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After court wins, immigrants worry a Texas judge may rule against DACA

'I paid $33,000 in taxes last year,' a 27-year-old DACA recipient in Texas said, as the state went to court to stop the immigration program.
Image: Activists Across US Rally In Support Of DACA
Marlon Ruales, Dayana Arrue, Sofia Ruales, and Erica Ruales, all in their early 20's and "dreamers"originally from Ecuador, watch Attorney General Jeff Sessions' remarks on ending the Deferred Action for Childhood Arrivals program on Sofia's smartphone before a protest in Grand Army Plaza in New York on Sept. 5, 2017. Drew Angerer / Getty Images file

AUSTIN, Texas — Diego Corzo, who owns nine homes and runs his own realty business, paid $33,000 in taxes last year and expects to pay as much or more in future years if the country lets him remain here.

Corzo is enrolled in the Deferred Action for Childhood Arrivals program that was the center of a court hearing Wednesday in Texas where Republican state leaders sued to get the Obama-era program wiped out. The program allows undocumented young immigrants who were brought to the U.S. as children to apply to work and study in the U.S. without fear of deportation; the applications have to be renewed every two years.

“A lot of people think DACA recipients, we don’t pay taxes and we leach off the system,” Corzo said. “If I can pay $33,000 (in taxes) as a 27-year-old and you take that away, I’m probably not going to be able to contribute as much if I am not able to do what I am fully capable of doing."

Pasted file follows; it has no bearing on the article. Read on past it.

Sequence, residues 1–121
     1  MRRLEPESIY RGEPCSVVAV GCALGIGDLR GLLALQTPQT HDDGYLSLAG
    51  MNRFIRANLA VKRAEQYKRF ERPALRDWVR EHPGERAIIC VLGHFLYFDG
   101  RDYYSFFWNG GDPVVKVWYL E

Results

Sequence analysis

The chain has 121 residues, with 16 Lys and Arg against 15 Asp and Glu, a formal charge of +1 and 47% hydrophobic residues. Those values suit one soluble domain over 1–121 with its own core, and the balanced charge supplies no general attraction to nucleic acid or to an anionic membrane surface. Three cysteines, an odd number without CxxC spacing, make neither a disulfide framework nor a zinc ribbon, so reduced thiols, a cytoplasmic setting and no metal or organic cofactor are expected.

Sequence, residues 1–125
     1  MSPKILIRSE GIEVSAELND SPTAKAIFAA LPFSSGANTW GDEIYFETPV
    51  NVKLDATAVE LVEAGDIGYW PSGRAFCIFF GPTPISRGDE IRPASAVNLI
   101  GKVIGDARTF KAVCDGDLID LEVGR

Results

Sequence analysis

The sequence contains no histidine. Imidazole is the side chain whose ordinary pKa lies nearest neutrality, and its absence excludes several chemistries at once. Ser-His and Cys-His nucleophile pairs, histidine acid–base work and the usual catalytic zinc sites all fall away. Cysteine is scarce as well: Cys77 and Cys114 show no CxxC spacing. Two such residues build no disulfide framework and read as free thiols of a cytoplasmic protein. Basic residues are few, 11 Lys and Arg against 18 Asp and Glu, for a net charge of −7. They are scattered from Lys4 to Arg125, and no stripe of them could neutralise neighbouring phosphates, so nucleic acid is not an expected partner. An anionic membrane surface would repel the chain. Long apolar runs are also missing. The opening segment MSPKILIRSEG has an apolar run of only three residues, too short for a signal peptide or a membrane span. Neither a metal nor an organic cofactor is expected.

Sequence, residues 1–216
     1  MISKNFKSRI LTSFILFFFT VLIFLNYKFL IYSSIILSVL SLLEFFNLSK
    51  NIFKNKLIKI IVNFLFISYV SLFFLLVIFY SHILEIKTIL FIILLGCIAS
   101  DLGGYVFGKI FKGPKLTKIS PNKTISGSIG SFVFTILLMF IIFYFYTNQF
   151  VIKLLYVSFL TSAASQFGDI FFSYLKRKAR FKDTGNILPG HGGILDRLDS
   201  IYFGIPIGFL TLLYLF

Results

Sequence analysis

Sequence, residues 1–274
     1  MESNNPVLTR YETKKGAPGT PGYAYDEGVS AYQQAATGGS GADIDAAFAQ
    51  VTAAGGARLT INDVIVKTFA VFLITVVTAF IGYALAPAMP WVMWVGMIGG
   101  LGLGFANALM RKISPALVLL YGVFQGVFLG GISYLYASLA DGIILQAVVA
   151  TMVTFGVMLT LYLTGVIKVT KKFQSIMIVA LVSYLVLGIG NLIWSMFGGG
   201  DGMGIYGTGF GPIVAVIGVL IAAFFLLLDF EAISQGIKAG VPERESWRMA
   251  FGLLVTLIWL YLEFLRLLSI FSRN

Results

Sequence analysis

The Trump administration began shutting down DACA last year, but a New York and San Francisco court forced those plans to be put on hold. Then last Friday, a federal judge from the District of Columbia followed and ordered the federal government to restore the program.

The Texas hearing on the state's request for an injunction could be the spoiler in the string of judicial victories for those waging the court fights to keep the temporary deportation protection and work permits the program provides in place.

U.S. District Judge Andrew Hanen did not issue a ruling in the court in Houston on Wednesday. He asked attorneys to submit additional five-page briefs on whether DACA is illegal because the Obama administration did not put it through the federal regulatory process before implementing it, said Nina Perales, an attorney for Mexican American Legal Defense and Educational Fund.

MALDEF is the lawyer for 22 DACA recipients who intervened in the case since the federal government is in agreement with the state.

The Texas effort to have DACA declared unconstitutional adds to the already complex legal decisions and actions on DACA. If Hanen's decision conflicts with other court rulings, it will all have to be sorted out by the U.S. Supreme Court or an appeals court, said Thomas Saenz, president and general counsel of MALDEF, after the three-hour hearing.

For DACA recipients, uncertainty